Four presidents hold the title of lawyers: Alberto Fernández from Argentina, Iván Duque from Colombia, Juan Orlando Hernández from Honduras and Luis Lacalle from Uruguay. The Argentine president is the only one on the left, he has been characterized by actions such as judicial reform and especially in human rights, he has created a Ministry of State on diversity and gender, in addition to the controversial legalization of abortion.

Their counterparts in Colombia, Honduras, and Uruguay are in the sphere of the right. Duque is the most prepared of the four, he is a lawyer from the Sergio Arboleda University, in addition to having two master's degrees: in Public Policy Management and in International Economic Law, both carried out in the United States, according to information from the University of La Sabana.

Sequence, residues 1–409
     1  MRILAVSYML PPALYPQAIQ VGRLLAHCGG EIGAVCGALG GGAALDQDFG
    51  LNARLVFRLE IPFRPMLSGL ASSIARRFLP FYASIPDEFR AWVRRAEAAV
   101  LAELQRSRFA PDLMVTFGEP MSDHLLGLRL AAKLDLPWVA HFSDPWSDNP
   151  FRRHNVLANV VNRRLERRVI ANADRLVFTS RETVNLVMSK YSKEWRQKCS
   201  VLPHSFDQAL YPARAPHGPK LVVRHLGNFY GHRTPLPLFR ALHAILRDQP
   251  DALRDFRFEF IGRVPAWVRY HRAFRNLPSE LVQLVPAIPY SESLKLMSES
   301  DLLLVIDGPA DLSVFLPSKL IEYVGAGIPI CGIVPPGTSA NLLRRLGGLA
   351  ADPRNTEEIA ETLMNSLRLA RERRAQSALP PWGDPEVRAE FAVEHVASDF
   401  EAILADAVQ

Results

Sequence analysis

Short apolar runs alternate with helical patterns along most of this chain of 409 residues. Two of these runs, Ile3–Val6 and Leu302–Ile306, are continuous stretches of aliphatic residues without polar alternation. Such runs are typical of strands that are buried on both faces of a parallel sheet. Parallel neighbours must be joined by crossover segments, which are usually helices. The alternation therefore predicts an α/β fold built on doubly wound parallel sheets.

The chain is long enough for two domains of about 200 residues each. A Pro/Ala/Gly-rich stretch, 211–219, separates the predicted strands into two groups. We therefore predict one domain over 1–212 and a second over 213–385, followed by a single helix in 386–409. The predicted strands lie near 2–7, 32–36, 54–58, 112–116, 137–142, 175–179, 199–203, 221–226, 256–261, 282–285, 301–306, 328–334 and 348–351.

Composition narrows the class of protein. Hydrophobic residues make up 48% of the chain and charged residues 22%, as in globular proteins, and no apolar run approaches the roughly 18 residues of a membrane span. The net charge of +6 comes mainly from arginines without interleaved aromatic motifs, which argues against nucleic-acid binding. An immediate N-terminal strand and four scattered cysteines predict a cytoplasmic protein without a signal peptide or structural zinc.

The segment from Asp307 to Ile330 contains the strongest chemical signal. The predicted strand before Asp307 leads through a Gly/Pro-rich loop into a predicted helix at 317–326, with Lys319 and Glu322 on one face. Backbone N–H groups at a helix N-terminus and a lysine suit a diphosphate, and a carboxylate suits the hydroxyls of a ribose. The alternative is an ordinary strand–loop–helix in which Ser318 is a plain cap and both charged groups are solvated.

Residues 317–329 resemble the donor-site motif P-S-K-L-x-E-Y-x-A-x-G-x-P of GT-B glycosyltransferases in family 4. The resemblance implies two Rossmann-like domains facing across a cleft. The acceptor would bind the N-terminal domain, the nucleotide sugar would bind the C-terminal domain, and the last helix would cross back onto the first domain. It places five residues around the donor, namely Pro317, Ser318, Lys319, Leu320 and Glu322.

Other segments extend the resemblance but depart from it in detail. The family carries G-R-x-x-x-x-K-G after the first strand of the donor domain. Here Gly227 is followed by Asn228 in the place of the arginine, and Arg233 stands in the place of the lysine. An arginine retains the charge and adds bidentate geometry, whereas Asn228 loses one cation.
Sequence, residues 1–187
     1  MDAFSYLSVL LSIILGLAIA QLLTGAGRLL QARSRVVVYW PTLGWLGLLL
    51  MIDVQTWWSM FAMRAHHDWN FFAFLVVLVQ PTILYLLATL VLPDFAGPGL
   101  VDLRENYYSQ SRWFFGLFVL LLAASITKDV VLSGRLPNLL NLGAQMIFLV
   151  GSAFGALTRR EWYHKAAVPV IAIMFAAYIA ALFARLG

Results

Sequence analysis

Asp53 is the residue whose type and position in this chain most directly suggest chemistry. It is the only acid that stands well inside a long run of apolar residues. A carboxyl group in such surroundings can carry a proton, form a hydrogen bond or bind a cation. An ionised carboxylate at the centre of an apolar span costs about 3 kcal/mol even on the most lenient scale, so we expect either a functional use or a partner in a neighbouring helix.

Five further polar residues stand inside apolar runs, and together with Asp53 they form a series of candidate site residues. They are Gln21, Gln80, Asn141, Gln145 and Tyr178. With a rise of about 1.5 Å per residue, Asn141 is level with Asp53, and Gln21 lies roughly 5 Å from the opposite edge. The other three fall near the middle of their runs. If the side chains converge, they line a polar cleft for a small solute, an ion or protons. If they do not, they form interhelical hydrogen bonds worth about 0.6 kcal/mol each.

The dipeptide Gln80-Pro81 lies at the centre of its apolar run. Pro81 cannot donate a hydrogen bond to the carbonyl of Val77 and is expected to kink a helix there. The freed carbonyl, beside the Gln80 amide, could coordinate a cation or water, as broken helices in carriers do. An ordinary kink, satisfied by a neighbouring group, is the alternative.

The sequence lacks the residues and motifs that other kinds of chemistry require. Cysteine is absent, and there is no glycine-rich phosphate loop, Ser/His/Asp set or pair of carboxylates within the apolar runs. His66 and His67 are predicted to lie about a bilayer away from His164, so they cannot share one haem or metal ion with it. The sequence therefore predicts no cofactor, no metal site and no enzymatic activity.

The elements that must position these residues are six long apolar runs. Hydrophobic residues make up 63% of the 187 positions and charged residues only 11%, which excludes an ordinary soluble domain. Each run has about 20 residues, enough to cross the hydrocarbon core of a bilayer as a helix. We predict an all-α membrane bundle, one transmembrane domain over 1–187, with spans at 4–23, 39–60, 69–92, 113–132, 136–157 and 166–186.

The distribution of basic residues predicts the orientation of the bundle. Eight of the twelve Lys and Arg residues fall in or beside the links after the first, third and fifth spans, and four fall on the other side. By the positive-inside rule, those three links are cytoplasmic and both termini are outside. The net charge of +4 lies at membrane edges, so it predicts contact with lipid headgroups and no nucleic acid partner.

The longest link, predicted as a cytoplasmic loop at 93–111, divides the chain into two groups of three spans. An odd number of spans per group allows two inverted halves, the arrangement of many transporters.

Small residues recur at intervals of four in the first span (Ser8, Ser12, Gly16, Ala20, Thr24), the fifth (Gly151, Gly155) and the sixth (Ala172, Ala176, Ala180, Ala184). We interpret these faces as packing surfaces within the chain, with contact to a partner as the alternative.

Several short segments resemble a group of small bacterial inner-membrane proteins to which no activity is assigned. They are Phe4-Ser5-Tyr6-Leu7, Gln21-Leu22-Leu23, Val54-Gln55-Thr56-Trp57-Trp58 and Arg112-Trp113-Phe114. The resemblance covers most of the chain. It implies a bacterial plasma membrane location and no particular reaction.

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Economists and businessmen

The Ecuadorian Lenín Moreno is an administrator, his profession is observed in the economic and administrative policy of his government. Although politically he comes from within the left, over time (and already as president) he has moved remarkably towards the right, including neoliberal policies such as the privatization of companies, reduction of public spending, and a new relationship with the International Monetary Fund and the World Bank.

In Bolivia Luis Arce Catacora lived a similar situation to Moreno, served in a previous government (that of Evo Morales), and became his successor. The difference is that Arce has not distanced himself from Morales. Arce is an economist with a master's degree from the University of Warwick in the UK. He has not radically transformed Morales' economic policy because he himself was responsible for it with good results.